“Nothing to Go Back To” – The Fate of the Widows of Vrindavan, India
“I came here with nothing. Even on the train, I had to sit on the floor and not on a bench,” said widow, May Devi who came to Vrindavan as a widow at the age of 33. “I had to sit by the toilet and slept under the bench on the floor. Since I came, I have never returned home. This is my only home now.”
Even though the right to remarry was placed into Indian law in 1856 and the limited right for widows to inherit was given to women a hundred years later in 1956, widows who come from rural areas of India have little to no education. Marrying sometimes as young as ten, they have little access to reach their legal rights.
Having the strength to push alone against family, neighbors and local community to receive their earned human dignity is often beyond them.
A recent, July 2007, study of the widows of Vrindavan supported by UNIFEM titled, “Spirituality, Poverty and Charity Brings Widows to Vrindavan” by Ms. Usha Rai ,sheds current light on many of the widow’s conditions today. In the recent study, Ms. Rai found that widows arrived at Vrindavan for numerous reasons. 41% came because they consider it a “place of God,” 20% felt completely without help and alone in their original home environment. 14% had severe problems with members in the home. Others in the study came to Vrindavan to leave life-threatening poverty and hunger. And another also mentioned sexual abuse.
Many of the widows in this study mentioned they had “nothing to go back to.” Living under loss of their property with complete loss of income with no chance to gain more in life, most of the widows arrive with no possessions. Many widows come from the most rural regions of India in West Bengal. Other widows come from the poorest regions of Bangledesh.
Suggestions made to help the living conditions for the widows of Vrindavan in the recent UNIFEM study include: Enacting legislation to make all Indian marriage registrations “compulsory.” This is to help prohibit and lessen the number of child marriages still occurring in India today. To set up more shelters for widows with adequate food and proper health care. To educate the widows about their legal rights. To teach them about the “widow’s pension” and other programs available for them through India’s legal system. To promote a cultural change in attitude about widowhood among conservative Hindus through cooperation of Hindu religious leaders. And most important, to make skilled training programs available to the widows to create new lives.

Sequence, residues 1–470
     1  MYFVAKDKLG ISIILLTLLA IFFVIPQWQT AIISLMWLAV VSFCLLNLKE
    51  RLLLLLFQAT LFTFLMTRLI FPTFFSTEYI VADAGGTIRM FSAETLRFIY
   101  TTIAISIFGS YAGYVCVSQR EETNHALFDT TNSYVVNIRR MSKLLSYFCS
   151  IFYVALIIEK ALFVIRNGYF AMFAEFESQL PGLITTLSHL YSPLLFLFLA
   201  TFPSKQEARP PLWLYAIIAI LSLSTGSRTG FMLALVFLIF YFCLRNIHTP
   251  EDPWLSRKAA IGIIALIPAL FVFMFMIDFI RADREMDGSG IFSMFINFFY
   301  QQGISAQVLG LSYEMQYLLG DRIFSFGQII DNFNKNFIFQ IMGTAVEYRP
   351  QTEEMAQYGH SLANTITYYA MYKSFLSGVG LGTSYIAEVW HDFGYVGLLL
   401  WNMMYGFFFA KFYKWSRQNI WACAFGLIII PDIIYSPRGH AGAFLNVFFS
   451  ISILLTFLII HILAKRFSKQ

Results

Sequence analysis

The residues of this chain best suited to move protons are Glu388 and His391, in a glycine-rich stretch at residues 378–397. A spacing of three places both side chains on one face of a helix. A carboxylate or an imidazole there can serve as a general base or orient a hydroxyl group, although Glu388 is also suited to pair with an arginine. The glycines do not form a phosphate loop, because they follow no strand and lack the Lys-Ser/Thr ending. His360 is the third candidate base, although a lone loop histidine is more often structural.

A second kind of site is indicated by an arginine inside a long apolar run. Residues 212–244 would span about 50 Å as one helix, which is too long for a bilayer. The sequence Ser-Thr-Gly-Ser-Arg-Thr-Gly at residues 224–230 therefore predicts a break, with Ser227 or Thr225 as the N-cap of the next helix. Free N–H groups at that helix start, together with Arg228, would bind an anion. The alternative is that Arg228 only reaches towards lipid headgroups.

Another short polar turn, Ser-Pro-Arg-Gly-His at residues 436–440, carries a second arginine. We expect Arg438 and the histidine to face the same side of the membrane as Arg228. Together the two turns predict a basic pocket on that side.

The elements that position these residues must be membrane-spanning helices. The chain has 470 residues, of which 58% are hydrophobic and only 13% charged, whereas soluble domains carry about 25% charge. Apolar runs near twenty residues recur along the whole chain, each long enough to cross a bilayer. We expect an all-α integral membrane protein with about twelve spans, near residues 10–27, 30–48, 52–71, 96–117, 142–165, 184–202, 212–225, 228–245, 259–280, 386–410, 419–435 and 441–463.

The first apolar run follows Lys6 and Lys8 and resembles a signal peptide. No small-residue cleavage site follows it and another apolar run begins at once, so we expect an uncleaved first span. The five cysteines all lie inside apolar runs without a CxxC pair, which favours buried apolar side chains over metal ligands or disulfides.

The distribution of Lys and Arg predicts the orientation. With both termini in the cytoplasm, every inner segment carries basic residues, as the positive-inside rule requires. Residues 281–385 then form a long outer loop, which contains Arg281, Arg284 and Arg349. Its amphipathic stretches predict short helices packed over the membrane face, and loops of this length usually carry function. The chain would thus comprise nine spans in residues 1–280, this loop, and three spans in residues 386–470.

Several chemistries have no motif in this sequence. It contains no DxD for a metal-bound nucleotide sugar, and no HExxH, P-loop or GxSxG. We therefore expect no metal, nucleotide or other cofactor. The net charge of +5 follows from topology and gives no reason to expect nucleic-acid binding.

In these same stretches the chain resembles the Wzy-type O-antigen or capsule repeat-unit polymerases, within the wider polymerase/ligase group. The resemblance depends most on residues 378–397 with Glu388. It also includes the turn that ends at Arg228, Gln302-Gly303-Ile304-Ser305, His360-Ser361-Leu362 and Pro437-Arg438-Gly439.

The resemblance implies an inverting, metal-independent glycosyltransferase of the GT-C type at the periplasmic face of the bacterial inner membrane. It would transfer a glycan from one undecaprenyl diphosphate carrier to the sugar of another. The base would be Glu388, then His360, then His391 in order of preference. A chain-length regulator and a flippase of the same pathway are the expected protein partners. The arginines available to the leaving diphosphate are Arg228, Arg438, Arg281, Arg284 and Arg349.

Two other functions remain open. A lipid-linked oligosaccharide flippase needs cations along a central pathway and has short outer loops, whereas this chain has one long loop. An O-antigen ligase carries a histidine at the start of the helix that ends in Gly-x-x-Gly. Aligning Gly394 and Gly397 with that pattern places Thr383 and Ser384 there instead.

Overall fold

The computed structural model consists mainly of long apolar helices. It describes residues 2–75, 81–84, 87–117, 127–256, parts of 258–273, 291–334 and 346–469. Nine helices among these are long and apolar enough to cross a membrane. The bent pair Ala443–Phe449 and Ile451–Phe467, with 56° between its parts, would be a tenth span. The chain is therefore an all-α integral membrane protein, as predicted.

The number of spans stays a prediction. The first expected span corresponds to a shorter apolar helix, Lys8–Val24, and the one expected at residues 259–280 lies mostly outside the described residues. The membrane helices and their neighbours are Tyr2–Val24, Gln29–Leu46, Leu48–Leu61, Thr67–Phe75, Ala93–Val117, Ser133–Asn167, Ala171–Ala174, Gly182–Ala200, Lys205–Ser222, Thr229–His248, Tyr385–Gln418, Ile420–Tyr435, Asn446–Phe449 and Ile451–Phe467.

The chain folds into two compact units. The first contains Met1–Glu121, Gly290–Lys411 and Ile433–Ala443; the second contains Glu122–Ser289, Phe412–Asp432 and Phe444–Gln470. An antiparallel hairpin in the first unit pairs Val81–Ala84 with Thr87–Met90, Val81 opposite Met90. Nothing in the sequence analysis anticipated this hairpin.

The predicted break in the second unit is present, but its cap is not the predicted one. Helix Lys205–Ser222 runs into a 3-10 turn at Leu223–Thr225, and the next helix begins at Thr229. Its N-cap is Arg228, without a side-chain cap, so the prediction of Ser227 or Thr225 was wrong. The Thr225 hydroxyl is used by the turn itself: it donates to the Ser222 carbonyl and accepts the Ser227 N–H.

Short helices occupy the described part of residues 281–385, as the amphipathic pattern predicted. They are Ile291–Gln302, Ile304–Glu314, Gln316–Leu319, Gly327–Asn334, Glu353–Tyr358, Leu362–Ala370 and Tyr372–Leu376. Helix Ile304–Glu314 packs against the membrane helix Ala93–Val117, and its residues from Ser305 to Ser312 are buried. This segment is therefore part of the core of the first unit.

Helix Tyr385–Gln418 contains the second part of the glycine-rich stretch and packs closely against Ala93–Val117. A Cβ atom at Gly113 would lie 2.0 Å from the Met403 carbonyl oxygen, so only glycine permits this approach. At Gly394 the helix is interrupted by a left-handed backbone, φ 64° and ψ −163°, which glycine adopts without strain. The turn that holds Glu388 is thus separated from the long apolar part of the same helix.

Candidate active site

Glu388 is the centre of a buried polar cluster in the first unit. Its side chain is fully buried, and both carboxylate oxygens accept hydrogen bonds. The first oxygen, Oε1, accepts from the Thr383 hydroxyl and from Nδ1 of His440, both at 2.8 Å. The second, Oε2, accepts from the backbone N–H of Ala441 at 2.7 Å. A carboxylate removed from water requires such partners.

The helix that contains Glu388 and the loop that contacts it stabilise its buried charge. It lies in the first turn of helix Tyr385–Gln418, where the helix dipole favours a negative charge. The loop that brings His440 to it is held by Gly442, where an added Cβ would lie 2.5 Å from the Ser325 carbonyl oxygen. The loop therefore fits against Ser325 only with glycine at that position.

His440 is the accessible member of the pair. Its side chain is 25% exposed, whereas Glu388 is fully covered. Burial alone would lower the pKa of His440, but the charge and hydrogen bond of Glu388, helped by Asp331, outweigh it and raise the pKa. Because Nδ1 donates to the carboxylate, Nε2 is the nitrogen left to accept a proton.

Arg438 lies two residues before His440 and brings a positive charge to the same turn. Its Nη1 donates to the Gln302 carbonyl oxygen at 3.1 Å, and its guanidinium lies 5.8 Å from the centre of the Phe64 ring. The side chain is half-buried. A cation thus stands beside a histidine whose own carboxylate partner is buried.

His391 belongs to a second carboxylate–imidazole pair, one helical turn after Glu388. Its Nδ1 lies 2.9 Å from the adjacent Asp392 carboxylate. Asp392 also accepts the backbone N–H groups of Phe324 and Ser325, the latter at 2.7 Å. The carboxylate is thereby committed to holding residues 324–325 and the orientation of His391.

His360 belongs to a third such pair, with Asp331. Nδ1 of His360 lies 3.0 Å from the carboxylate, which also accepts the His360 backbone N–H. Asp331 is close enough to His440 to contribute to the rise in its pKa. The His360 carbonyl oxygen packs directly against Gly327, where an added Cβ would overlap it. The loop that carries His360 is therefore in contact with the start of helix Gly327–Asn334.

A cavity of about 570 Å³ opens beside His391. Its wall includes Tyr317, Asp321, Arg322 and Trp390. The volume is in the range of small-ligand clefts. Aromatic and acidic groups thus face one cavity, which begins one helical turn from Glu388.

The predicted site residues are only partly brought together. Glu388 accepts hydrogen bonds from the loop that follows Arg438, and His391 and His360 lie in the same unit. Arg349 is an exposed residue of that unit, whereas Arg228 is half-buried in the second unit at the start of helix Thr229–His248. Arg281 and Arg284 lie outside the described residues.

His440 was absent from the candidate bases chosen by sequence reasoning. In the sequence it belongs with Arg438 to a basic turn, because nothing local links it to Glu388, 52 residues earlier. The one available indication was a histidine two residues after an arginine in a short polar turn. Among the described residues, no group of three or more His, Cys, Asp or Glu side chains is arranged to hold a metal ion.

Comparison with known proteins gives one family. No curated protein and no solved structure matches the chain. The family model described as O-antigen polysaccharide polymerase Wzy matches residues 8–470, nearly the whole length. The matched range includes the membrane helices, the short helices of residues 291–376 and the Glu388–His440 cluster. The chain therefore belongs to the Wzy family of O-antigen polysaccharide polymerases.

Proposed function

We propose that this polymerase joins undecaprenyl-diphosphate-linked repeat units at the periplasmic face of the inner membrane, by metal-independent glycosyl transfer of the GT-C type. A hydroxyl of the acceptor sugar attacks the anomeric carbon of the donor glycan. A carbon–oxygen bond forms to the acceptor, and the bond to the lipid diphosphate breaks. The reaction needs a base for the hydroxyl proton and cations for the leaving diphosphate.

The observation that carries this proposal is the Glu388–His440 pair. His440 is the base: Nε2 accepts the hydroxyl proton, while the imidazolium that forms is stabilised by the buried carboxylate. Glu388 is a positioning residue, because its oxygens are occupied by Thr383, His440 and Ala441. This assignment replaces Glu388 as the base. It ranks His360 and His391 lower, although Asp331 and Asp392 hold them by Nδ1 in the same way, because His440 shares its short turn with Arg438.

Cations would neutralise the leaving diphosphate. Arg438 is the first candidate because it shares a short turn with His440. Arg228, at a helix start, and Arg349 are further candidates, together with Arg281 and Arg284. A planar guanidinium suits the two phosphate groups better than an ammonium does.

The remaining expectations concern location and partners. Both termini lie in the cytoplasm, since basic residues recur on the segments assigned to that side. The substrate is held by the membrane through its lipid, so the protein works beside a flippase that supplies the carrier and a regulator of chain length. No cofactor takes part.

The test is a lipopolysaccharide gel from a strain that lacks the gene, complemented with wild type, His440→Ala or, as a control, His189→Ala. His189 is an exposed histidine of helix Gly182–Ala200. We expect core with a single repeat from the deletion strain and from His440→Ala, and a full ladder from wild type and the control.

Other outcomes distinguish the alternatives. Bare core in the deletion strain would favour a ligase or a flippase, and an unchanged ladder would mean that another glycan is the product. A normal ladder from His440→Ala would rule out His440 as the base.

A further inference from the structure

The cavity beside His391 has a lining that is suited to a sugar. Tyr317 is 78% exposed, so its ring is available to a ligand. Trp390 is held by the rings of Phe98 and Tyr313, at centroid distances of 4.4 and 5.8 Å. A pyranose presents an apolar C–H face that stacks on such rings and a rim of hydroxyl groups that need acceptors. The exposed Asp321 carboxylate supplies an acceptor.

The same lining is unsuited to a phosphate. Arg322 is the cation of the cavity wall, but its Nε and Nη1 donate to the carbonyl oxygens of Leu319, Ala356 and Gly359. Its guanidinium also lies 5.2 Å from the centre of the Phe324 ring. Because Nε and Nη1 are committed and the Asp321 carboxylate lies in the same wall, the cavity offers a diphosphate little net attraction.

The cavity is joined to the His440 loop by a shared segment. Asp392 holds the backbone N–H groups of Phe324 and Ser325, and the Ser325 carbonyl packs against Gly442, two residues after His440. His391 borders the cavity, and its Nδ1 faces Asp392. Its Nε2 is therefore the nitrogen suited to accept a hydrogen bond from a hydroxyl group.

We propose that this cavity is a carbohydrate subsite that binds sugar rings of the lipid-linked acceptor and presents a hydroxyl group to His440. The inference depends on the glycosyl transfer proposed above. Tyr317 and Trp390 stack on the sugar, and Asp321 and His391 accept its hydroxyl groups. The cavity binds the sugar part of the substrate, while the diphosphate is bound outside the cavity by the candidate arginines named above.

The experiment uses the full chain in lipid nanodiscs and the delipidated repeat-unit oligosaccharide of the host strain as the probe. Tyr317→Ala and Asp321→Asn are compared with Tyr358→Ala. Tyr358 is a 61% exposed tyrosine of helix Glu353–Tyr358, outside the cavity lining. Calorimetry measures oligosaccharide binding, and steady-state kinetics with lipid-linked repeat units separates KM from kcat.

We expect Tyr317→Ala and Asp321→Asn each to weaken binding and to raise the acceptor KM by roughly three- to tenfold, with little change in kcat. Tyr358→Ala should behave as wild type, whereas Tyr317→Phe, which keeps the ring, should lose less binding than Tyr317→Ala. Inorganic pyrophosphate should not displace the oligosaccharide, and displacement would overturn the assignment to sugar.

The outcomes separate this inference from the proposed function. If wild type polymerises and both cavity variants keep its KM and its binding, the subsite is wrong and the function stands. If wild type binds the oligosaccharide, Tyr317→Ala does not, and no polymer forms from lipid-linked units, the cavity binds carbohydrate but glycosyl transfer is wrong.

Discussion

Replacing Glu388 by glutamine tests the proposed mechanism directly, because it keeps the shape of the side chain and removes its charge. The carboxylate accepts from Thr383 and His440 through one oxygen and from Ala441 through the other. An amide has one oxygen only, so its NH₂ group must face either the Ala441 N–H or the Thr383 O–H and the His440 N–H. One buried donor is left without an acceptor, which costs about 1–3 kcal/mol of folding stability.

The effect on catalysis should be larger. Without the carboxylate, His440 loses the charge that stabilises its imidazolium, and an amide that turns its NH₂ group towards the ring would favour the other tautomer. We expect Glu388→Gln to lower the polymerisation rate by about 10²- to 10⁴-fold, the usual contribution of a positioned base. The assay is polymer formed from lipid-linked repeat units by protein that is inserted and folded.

In a co-sponsored 2002 study titled, “Status of Widows of Vrindavan and Varanasi – A Comparative Study” by The Guild of Service and The National Commission for Women India, it was found that; of all elderly widows in Vrindavan, aged 70 and older, 52.5% live in rehabilitation homes, 42.5% live in boarding houses and an astonishing 41.5% of all elderly widows live under extreme harsh conditions on the streets of Vrindavan without the support of any dwelling.
Most of the widows of Vrindavan “Come here in search of death, waiting for death. They are waiting on the roads, they are waiting on street corners and ultimately it’s so sad that when they die, there’s no one even to pick up their bodies because a widow’s body is inauspicious,” said Dr. Mohini V. Giri.
Lack of education, lack of literacy and knowledge of basic human rights along with strong cultural beliefs in the conservative Hindu caste system and extreme poverty are the major causes of suffering today among the widows.
“I met widows who were cheerful and feisty but others appeared sick, infirm and miserable. I also witnessed many instances of poignant ‘sisterhood’ moments and genuine affection between many widows,” says photo journalist, Tewfic El-Sawy, in his photo essay, “White Shadows.”
“The situation of widows in North India is worsened by the system of Patri-local residence, whereby widows cannot return to their parents’ home even though they are often rejected by their in-laws,” was a major point made in the study by The Guild of Service and The National Commission for Women India.
“On the one hand, we are celebrating the (2007) election of the first woman president of the country (of India) and on the other, widowhood continues to be stigmatized. Just because they have lost their husbands, their rights are taken away from them. They are discarded by society and Vrindavan becomes their only haven,” said Dr. Mohini Giri.
See the unforgettable and haunting series of photos on the widows of Vrindava, “WHITE SHADOWS,” by Tewfic El-Sawy.
The 15,000 widows that live in Vrindavan suffer from societal exclusion which brings with it disease, poverty, lack of opportunity and exploitation. This short educational video is a www.maitri.org.in production.
Human rights journalist, radio broadcast producer and 2007 Pushcart prize nominee Lys Anzia is editor-at-large for Women News Network – WNN.
Sources for this article include UNIFEM – South Asia, ABC – Australian Broadcasting Corporation, BBC News, CNN News, Associated Press, Womensenews, GriefandRenewal.com, The Hindu Magazine, “White Shadows” by Tewfic El-Sawy, CCDS – Center for Communication and Development Studies, Feminist.com, The Guild of Service North-India, Commonwealth National Human Rights Commission, The National Commission for Women India and India News.
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